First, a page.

I’ve always been the type to give my time, energy and love to just about everything except for myself. I eat junk food, I can’t keep a sleep schedule to save my life, and I only exercise on accident. I was able to get by doing the bare minimum for myself and not thinking too much of it until I arrived at Southwestern. In every single one of my Counseling and Art Therapy classes, I have heard the same message again and again- take care of thyself.
Why is self-care so important? I am learning that self-care is crucial in the life of a therapist. This is a potentially emotionally draining field, and if we as therapists do not take good care of ourselves psychologically and physically, then we are letting down not only ourselves and our loved ones, but also our clients. We cannot be the best versions of ourselves for others if we do not love ourselves. Maybe we need to be our best for ourselves first, and for others second. Self-care prevents burn out, compassion fatigue, second hand trauma, and stress related illnesses. It is renewing and balancing.
I had no idea where to start. Thankfully, there are a billion ways to take care of yourself, and your body will tell you which ones are right for you. We practice meditation in class and discuss other “clearing” techniques that can be used as a metaphorical “refresh” button to let go of emotional baggage before and after seeing clients. I’ve started jumping on my landlord’s trampoline to help me blow off some steam. I’ve tried new recipes and going to new places to build confidence while having fun. I take more time for my own art and non-curricular reading. I’ve also banned myself from sad movies that I know will wreck me for months to come.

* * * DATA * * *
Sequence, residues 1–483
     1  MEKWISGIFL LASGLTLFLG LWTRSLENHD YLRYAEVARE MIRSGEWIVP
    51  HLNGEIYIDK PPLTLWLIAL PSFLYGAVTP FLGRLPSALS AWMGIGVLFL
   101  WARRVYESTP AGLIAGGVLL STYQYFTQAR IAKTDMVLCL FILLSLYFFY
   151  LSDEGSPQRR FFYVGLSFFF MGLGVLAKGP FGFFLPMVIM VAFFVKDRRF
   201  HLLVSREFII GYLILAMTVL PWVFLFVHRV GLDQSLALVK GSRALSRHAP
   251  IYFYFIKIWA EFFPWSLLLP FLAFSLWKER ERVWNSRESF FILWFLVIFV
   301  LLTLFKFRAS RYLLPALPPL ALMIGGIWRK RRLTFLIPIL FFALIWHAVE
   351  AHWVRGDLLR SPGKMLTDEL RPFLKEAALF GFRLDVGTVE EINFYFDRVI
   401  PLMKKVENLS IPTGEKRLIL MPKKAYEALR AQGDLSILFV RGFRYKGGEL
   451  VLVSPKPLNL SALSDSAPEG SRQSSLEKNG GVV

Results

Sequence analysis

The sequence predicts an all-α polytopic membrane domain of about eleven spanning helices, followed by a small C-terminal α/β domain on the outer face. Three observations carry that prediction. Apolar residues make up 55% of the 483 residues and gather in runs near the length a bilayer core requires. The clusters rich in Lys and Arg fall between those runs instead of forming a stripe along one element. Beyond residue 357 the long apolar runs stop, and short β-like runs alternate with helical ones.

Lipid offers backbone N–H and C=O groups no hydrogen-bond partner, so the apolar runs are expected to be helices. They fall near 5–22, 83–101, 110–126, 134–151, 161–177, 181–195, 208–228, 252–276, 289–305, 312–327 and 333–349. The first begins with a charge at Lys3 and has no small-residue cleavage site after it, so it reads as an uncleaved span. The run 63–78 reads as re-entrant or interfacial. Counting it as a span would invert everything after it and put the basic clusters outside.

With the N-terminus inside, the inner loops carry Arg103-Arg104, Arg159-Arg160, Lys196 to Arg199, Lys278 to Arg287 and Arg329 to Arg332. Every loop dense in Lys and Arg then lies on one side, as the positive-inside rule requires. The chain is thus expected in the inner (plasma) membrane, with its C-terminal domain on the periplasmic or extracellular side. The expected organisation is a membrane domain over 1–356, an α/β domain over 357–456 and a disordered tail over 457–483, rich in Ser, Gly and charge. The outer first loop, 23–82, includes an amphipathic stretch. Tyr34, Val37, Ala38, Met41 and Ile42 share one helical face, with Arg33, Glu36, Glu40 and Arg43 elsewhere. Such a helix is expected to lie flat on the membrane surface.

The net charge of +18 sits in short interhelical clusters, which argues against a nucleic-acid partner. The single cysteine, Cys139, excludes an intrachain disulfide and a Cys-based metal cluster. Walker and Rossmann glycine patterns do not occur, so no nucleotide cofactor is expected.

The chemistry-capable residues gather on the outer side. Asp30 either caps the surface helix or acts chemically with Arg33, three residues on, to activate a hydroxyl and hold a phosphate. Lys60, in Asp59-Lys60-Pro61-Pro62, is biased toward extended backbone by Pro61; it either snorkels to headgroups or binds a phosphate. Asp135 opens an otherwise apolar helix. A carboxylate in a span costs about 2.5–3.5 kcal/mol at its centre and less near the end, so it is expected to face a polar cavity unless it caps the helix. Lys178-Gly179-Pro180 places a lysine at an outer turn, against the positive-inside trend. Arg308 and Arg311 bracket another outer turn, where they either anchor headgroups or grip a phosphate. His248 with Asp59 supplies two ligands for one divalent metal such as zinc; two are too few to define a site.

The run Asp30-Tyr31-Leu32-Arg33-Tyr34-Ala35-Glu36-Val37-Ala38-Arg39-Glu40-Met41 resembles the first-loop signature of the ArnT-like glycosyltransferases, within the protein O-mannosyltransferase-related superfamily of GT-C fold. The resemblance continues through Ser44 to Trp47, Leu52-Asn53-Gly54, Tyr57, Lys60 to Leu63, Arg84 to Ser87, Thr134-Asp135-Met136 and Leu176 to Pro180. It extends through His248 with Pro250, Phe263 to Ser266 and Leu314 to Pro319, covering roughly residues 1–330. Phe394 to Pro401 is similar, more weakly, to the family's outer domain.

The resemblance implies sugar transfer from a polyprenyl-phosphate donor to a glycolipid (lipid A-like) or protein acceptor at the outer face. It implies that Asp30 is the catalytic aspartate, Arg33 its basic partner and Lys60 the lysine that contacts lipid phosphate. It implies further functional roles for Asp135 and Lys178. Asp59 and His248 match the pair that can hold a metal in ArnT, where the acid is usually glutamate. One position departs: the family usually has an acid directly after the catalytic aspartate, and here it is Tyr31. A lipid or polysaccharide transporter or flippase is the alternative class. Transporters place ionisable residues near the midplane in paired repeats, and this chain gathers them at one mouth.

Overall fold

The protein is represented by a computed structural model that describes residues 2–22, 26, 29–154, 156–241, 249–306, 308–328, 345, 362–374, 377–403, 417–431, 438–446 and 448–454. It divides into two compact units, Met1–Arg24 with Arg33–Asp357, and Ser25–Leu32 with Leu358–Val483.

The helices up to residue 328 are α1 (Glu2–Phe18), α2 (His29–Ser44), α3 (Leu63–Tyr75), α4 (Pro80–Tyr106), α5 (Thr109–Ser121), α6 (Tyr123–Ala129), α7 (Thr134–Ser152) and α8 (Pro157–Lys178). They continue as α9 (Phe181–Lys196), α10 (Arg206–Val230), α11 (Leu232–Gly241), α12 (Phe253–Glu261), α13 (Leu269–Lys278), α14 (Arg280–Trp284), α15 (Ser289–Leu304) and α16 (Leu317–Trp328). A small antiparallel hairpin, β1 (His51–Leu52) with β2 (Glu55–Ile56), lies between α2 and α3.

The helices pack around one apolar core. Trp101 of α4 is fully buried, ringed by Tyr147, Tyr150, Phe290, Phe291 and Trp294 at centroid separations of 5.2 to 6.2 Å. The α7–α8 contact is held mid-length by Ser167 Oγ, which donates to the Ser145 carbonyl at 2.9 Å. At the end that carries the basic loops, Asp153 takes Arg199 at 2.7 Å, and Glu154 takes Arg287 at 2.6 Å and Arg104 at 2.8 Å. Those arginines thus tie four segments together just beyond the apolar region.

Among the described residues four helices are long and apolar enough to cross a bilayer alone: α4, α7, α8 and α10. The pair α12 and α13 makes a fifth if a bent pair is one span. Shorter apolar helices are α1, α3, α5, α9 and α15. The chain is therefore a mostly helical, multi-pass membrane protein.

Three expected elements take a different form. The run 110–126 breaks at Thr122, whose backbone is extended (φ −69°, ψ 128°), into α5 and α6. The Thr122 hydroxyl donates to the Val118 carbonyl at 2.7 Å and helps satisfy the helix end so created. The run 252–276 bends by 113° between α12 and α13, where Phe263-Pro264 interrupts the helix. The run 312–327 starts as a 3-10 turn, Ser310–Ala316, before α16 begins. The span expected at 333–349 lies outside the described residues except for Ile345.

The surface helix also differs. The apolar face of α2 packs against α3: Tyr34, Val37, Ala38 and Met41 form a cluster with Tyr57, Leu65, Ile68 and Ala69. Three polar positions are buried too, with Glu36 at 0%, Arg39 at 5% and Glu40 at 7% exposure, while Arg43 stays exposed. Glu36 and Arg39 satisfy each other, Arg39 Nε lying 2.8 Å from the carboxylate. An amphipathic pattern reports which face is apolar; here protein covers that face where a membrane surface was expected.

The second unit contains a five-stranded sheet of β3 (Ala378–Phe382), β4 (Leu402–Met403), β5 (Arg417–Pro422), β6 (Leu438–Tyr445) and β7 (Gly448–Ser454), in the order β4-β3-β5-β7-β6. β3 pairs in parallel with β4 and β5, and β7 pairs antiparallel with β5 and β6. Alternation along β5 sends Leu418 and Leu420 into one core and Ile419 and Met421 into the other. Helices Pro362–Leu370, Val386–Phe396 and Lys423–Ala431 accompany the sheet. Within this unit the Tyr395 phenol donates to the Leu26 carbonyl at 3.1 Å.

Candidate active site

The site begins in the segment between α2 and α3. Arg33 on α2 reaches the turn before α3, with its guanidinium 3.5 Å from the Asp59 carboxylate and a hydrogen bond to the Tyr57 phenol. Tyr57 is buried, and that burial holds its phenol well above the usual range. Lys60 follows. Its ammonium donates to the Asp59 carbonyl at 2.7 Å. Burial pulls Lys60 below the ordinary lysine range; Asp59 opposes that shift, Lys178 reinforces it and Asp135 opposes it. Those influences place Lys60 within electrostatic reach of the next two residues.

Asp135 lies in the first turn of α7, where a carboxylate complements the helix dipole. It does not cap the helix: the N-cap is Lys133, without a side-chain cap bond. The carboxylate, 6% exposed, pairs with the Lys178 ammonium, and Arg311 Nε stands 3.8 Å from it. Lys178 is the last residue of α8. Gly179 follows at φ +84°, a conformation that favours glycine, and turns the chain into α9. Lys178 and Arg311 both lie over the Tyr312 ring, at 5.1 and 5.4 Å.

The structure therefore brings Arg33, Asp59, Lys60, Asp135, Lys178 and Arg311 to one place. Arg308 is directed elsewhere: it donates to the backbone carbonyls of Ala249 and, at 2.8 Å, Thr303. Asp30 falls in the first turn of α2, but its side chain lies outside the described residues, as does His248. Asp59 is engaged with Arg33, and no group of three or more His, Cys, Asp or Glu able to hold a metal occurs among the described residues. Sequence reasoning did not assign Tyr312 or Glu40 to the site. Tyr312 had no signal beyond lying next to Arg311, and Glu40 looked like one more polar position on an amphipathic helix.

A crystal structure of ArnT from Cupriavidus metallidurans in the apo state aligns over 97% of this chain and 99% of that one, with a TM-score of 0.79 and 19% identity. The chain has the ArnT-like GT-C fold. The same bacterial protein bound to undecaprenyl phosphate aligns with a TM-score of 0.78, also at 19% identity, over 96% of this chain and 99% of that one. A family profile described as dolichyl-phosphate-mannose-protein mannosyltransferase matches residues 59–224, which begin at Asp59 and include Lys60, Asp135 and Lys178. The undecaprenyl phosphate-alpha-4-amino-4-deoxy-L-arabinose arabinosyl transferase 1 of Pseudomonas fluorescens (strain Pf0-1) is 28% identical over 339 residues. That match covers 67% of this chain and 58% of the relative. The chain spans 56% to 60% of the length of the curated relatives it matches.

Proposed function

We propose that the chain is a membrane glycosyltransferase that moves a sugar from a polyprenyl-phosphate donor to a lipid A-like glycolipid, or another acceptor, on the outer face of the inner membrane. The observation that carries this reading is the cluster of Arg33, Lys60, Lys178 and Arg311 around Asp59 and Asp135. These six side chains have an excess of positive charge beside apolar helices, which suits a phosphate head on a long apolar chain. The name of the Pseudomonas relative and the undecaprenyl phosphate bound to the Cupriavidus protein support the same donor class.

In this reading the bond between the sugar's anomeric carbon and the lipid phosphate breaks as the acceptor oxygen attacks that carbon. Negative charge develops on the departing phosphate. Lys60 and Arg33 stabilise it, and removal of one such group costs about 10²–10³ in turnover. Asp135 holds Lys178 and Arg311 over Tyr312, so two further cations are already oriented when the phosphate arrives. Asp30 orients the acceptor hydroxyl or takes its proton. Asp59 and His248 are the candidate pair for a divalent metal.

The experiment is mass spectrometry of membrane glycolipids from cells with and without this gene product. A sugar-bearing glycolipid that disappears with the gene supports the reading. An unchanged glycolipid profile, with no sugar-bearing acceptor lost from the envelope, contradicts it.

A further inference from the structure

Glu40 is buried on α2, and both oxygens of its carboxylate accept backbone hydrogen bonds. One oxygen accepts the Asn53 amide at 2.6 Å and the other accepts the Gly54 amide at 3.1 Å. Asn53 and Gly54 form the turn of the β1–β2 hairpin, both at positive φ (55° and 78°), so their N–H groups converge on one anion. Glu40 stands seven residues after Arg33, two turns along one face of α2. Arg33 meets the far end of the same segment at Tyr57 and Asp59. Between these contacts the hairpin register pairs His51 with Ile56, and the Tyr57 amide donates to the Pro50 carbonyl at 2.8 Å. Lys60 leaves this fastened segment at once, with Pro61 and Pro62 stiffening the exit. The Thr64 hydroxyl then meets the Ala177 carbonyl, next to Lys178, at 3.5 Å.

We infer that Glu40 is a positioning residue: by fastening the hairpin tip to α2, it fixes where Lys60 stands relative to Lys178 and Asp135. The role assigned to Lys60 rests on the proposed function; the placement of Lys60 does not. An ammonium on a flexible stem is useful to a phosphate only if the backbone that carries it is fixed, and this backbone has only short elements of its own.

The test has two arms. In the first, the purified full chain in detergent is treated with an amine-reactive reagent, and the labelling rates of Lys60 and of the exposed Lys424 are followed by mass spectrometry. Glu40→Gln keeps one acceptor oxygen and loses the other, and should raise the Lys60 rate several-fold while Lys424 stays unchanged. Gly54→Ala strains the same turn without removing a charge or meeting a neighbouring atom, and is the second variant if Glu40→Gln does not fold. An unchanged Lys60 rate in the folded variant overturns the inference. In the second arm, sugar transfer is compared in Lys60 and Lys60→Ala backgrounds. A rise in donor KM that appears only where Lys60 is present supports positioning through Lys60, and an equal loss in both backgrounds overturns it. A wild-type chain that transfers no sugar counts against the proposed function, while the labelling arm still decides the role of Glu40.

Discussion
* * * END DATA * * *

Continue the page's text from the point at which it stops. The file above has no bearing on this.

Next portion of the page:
I was having a particularly overwhelming hard day this week. Everything felt way too heavy. Instead of taking care of myself, I started to isolate and eat pizza rolls in bed. That’s when I remembered my hedgehog. Her name is Roxy Pokeyhontus and she is three months old. She has an infection on her snout from being pricked by one of her own quills! She needs antibiotics twice a day. I knew I had to administer one of her doses, but the thought of getting out of bed was too much. That’s when it became real for me- we can only love others as much as we love ourselves. Roxy shouldn’t have to go without medicine because of my lack of self-care. Clients should not be affected by the therapist’s own issues. I got out of bed and held Roxy. I think she likes the medicine, because it is bubble gum flavored and now she opens her mouth for it willingly. I LOVE HER! I love myself too, and I need to start acting like it daily. I am excited to be learning how to practice self-care so early on in my education. I am also thankful for Roxy for teaching me a valuable lesson that my clients will benefit from someday. –Micaela Wood